How to Raise a Money Smart Child
Every parent wants a child who is equipped to survive in a world full of financial hazards. You can make that happen by actively teaching the meaning and mechanics of money.
Be a Good Role Model
From the way you use credit cards to how you pay your bills, know that your kids are watching – and adopting – your behavior and attitude. If your money management system isn’t up to speed, make a pledge to improve it. Doing so will not only benefit you, but will make a positive and lasting imprint on your children.
Even toddlers can and should be introduced to certain basic financial concepts. Forget formal lessons: make outings together fun learning opportunities. Have your child put coins in a parking meter, hand money to a cashier, or complete a task for a dollar. By the time your child knows numbers, the world is your financial classroom.
In age-appropriate language, discuss how marketing and advertising affects shopping decisions. At the store, explain what is and isn’t a good buy, and let your child make a few selections. If you use a credit card, explain that there will be a bill at the end of the month that must be paid by a specific date.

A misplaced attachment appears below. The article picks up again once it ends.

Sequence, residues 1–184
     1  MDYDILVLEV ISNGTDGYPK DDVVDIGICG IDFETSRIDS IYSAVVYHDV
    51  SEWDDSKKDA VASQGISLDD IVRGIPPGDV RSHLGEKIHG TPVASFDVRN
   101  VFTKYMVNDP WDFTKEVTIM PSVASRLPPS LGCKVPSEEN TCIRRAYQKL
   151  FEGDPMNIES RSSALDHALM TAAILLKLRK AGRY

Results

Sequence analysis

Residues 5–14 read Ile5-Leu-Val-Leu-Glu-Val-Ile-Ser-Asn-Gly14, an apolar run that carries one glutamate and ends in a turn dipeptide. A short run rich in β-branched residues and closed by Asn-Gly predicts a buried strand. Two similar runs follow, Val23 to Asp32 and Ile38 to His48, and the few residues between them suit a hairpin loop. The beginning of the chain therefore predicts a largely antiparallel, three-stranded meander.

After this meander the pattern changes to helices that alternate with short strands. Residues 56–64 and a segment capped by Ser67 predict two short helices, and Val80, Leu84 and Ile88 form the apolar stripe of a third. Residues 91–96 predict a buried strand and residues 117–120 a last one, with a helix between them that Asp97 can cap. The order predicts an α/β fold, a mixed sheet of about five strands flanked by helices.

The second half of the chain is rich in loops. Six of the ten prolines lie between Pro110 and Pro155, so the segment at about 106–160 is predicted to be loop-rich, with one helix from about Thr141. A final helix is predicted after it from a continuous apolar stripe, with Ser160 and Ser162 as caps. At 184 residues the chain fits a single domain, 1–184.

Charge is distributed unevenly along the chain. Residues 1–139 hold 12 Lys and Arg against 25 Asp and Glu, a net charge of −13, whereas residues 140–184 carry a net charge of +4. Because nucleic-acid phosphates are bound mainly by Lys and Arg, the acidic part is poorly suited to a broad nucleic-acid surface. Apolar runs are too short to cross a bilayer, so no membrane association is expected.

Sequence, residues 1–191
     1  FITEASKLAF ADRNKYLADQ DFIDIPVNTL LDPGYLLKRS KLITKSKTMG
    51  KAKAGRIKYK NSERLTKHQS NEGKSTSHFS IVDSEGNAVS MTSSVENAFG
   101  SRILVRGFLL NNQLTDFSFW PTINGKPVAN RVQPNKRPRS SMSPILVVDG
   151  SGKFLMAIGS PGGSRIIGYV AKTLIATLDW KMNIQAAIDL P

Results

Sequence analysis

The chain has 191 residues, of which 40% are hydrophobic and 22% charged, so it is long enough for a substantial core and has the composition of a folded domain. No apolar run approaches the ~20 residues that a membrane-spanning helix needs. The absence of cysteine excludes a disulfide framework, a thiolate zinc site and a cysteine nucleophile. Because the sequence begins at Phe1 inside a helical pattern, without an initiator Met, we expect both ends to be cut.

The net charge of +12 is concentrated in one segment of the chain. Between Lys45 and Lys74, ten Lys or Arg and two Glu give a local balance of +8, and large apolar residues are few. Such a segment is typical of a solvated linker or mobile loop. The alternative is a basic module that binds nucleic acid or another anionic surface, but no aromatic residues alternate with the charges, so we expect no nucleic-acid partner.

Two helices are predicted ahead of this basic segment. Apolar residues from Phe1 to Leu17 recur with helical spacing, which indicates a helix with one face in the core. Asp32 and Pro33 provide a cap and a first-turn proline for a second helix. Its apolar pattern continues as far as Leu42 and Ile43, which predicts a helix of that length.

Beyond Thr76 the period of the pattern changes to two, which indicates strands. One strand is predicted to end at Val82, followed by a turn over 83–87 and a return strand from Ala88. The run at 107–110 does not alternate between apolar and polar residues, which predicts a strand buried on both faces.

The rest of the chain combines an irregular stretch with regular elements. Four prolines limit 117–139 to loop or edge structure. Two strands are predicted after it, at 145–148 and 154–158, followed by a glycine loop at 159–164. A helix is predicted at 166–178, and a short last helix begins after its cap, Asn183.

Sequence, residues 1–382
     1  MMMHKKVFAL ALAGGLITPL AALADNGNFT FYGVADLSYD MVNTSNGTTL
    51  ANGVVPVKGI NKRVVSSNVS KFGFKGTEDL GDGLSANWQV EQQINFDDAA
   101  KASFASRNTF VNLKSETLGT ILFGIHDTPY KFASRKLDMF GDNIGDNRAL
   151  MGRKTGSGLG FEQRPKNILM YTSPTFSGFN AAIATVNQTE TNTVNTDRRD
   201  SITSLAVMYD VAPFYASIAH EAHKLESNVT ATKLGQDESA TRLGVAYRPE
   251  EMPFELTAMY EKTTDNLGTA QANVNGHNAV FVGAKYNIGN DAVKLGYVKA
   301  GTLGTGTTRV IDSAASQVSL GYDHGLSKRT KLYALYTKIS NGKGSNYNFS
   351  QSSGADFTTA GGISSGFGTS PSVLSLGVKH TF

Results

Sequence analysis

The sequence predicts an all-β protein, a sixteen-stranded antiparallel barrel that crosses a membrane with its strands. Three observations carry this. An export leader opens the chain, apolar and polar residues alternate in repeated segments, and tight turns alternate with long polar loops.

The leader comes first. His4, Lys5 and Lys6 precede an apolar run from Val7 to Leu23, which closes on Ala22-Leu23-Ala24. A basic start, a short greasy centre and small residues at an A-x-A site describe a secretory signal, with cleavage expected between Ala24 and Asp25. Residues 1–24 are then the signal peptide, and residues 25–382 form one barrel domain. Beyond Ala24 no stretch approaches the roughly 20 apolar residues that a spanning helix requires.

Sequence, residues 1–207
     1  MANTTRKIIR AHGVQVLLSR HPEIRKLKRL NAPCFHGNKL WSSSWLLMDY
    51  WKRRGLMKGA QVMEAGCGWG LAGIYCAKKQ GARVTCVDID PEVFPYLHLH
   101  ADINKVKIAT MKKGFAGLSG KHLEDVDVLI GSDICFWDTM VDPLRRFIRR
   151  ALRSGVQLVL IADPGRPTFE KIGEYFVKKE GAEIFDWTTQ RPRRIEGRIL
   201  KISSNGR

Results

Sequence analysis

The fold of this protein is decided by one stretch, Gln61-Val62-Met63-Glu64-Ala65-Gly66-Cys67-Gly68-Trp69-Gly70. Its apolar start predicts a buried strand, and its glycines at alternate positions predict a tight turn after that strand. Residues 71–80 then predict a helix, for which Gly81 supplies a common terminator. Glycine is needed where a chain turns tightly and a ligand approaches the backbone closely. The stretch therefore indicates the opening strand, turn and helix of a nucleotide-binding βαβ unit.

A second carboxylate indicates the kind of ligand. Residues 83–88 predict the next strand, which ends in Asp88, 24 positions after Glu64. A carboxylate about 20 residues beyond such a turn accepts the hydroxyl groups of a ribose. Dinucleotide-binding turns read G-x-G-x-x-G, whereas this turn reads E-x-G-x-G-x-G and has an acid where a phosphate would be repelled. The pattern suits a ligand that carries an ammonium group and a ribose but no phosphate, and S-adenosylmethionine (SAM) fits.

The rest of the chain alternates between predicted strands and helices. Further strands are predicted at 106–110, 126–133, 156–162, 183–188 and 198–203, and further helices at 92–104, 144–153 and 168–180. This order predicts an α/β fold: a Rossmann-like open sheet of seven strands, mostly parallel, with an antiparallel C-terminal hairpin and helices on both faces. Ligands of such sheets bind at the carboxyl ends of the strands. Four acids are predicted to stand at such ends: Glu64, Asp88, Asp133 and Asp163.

Stress the Work-Income Connection
Before heading off to work, take a moment to explain that you go not just because you like your job (associating work with enjoyment and fulfillment is important), but to earn an income to keep the household afloat. Keep it simple, light, and positive.
Allow for Successes and Mistakes
Whether you give an allowance that is based on chores, freely give it, or you provide a “base salary” with a bonus option, make sure you give your child the chance for success and error. Mistakes made on a small scale, such as blowing a months’ allowance on a toy that immediately breaks, can be the most effective learning device around.
Many children are natural savers, stockpiling coins like squirrels hoard nuts, while others have to be taught the skill. In either case, saving money should always be encouraged and praised. Again, the best way to educate is by example. Talk about how you save and what you are saving for. Start a piggy bank. Your child will catch your excitement.
As your child matures, increase the complexity of the lessons. Read the business section of the newspaper together and discuss the basics of economics. If you are fuzzy on the details of how the stock market works or the impact of taxes in our lives, make a commitment to learn more – and to share that knowledge with your child.
Teaching about personal finance can be a very enjoyable experience. However, to be the most effective instructor, you may have to change some of your own notions and habits, or learn a little more than you know now. The end result? An informed child who will develop into money-smart adult.